Non-accidental injury

Non-accidental injuries (NAI) represent both ethical and legal challenges to treating physicians.

Radiologists may be the first clinical staff to suspect non-accidental injuries when confronted with a particular injury pattern. Knowledge of these is essential if the opportunity to save a child from future neglect is not to be missed. At the same time, it is essential that suspicion is not raised inappropriately as the consequences for an innocent but accused parent or guardian are significant.

Over recent years, there have been a number of titles given to the constellation of injuries that are the result of the physical abuse of children. "Non-accidental injury" is the accepted most appropriate term to use in this setting. The modifier "inflicted" can be added for clarity e.g. inflicted non-accidental injury.

In 2001 an estimated 903,000 children were victims of maltreatment including:

  • neglect: 57%
  • physical abuse: 19%
    • cutaneous injury: most common
    • fractures are noted in ~30% (range 11-55%)
  • sexual abuse: 10%
  • psychological maltreatment: 7%
  • medical neglect: 2%

A number of features have been recognized as suspicious:

  • injury in the non-ambulatory/totally dependent child
  • injury and history given are inconsistent
  • delay in seeking medical attention
  • multiple fractures with no family history of osteogenesis imperfecta
  • retinal hemorrhage
  • torn frenulum
  • history of household falls resulting in fracture
    • despite falls being common, fractures are uncommon
  • abdominal injuries
  • thoracic injuries 10

A skeletal survey is performed in cases of suspected abuse to assess and document the extent of skeletal injuries. The so-called babygram (whereby the entire baby is imaged in one view) is not an acceptable substitute due to the overall lower quality that it produces; each anatomical region requires different radiographic exposures to accurately image.

Lead markers should be used in skeletal surveys and some institutions will repeat radiographs that do not have a lead marker within the primary field. 

Bone scans are performed in some institutions because of their ability to detect radiographically-occult fractures.

A number of fractures have been recognized as highly specific to non-accidental injuries (rather than accidental injury). They include:

Fractures which are moderately specific for NAI are 10:

  • bilateral fractures with fractures of differing ages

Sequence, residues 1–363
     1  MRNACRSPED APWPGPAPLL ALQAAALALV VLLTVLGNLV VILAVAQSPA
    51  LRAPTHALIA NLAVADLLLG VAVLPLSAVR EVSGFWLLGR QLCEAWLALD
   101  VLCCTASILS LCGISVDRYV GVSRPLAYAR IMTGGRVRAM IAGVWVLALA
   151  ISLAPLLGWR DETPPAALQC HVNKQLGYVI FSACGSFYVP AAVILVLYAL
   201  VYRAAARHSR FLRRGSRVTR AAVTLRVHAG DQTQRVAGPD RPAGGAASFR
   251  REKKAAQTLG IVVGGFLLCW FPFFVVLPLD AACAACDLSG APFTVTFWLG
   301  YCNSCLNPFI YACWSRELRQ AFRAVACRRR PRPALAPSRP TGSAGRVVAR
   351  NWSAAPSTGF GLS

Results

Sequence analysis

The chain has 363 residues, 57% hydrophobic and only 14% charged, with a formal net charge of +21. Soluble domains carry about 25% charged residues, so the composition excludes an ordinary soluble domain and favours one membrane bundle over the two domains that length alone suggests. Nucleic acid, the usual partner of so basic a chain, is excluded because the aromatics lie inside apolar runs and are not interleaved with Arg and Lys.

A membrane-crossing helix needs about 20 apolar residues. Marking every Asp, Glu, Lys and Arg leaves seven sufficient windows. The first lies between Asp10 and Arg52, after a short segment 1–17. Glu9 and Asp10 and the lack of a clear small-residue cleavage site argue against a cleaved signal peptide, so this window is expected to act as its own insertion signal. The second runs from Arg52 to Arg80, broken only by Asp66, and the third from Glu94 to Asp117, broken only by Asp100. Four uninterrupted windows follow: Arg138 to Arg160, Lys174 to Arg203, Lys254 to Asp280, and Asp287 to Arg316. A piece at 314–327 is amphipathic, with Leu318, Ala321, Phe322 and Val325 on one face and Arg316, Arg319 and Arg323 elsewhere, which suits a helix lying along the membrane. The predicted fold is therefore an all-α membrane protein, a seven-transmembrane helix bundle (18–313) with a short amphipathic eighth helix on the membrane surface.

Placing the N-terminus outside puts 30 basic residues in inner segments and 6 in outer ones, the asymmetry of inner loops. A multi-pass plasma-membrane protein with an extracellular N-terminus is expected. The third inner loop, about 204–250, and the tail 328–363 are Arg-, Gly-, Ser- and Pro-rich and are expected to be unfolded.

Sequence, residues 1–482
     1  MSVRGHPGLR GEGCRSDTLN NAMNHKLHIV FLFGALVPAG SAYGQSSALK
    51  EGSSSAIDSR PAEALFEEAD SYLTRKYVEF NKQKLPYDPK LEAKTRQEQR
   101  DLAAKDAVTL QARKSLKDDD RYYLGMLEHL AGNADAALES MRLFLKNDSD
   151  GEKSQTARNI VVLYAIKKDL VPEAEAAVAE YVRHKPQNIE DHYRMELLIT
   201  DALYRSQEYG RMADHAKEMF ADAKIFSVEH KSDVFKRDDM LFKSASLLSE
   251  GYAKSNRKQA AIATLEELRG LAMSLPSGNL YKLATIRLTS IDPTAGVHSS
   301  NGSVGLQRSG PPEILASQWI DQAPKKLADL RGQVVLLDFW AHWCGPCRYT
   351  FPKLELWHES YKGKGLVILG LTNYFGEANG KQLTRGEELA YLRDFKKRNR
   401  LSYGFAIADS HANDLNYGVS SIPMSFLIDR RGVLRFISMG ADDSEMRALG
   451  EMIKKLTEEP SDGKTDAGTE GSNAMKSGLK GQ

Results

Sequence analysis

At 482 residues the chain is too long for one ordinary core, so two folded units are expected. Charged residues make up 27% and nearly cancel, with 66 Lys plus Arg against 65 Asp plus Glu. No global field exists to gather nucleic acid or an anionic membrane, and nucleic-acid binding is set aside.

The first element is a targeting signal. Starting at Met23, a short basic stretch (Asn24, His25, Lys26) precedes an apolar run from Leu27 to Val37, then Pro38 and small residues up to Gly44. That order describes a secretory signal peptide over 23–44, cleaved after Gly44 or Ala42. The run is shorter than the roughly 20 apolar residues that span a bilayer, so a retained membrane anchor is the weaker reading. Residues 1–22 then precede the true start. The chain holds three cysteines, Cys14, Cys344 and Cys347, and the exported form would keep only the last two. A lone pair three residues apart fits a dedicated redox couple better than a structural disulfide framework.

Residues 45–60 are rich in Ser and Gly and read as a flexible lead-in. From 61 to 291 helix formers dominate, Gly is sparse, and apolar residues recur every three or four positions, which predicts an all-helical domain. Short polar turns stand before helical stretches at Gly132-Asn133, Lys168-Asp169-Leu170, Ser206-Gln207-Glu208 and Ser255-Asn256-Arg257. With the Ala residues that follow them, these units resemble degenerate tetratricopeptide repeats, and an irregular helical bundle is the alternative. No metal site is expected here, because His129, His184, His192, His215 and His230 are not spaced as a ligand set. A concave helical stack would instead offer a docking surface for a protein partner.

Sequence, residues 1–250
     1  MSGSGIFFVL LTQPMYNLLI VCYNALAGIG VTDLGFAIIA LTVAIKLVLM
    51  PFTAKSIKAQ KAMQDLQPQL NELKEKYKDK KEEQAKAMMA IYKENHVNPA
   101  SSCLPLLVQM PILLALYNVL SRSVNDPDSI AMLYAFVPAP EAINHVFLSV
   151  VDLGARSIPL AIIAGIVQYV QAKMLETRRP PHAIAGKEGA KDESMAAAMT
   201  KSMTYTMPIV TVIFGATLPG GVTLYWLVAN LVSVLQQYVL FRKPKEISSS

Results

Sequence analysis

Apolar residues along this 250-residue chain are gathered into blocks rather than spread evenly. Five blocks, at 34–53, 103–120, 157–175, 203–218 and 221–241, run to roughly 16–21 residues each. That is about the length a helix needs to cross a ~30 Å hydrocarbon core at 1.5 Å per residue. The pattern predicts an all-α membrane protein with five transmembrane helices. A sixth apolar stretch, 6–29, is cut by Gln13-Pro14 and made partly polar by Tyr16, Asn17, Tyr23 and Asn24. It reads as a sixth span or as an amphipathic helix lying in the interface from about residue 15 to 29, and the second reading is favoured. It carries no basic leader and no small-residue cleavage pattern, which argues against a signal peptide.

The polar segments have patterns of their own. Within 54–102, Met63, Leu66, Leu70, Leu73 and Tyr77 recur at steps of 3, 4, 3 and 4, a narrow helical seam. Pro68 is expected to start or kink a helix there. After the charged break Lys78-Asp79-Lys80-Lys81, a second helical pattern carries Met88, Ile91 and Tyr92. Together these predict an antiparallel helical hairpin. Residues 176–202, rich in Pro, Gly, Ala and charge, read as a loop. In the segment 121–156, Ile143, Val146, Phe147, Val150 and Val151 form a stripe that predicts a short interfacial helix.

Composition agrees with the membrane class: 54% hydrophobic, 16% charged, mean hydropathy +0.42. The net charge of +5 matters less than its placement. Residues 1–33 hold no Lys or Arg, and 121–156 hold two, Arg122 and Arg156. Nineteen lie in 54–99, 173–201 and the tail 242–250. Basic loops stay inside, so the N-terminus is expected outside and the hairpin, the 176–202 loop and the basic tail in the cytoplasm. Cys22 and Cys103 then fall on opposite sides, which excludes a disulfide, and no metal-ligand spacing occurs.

• digital fractures in non-ambulant children
  • vertebral fractures or vertebral subluxation 
  • spiral humeral fractures 
  • separation of epiphysis
  • complex skull fractures 

Fractures which have low specificity for NAI are 10:

  • middle clavicular fractures 
  • linear simple fractures of parietal bone 
  • single fractures in diaphysis (spiral humeral fracture is an exception)
  • greenstick fractures

It is the most sensitive in detecting fractures of rib, scapula, spine, diaphysis and pelvis. The test becomes positive few hours after injury. Normally there is high uptake in the epiphyses of bones which should not be confused with a fracture 10.

The ability to date injuries is critical for medicolegal purposes and thus must be done carefully (please refer to specialist text for specific guidelines).

Traumatic periosteal injury can be seen up to 7 days post-injury (and therefore can be used for dating). Traumatic periosteal injuries can be seen on diaphyseal and rib injuries. Diaphyseal injuries start healing after one week. Healing should be complete by 12 weeks. Rib fractures are often missed, hence current practice is to repeat chest films in two weeks to observe for any healing fractures.

Metaphyseal (and costochondral junction) injuries do not heal with periosteal reaction and if visible are less than four weeks old. Skull fractures also do not heal with periosteal reaction and if seen are less than two weeks old.

  • skeletal dysplasias: one of the major, albeit uncommon pitfalls in diagnosing NAI (e.g. Schmid-type metaphyseal chondrodysplasia, osteogenesis imperfecta I and IV), which may lack the florid features of the full-blown disease and can be easily confused with NAI
    • features to differentiate osteogenesis imperfecta from NAI include
  • growth plates can also cause a degree of confusion, most notably at the hip, base of the fifth metatarsal, elbow and the acromion
  • birth injuries
  • rickets
Non-accidental injury
Postmortem and forensic imaging
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Article information

rID: 10133
Section: Signs, Gamuts
Synonyms or Alternate Spellings:
  • Non-accidental injury
  • Battered child syndrome
  • NAI
  • Non-accidental injuries (NAI)
  • Non accidental paediatric skeletal injuries
  • Child abuse
  • Non-accidental injury (NAI)
  • Non-accidental paediatric injuries
  • Non accidental trauma
  • Shaken baby syndrome (SBS)
  • Shaken infant syndrome
  • Stress-related infant abuse

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Cases and figures

  • Case 1
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  • Case 2
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  • Case 3: bilateral subdural hemorrhages
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  • Case 4
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  • Case 5: metaphyseal corner fracture
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  • Case 6: skull fracture with suspected NAI
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  • Case 7
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  • Zoomed in
    Case 7: with very subtle metaphyseal corner fracture
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  • Metaphyseal corne...
    Case 8
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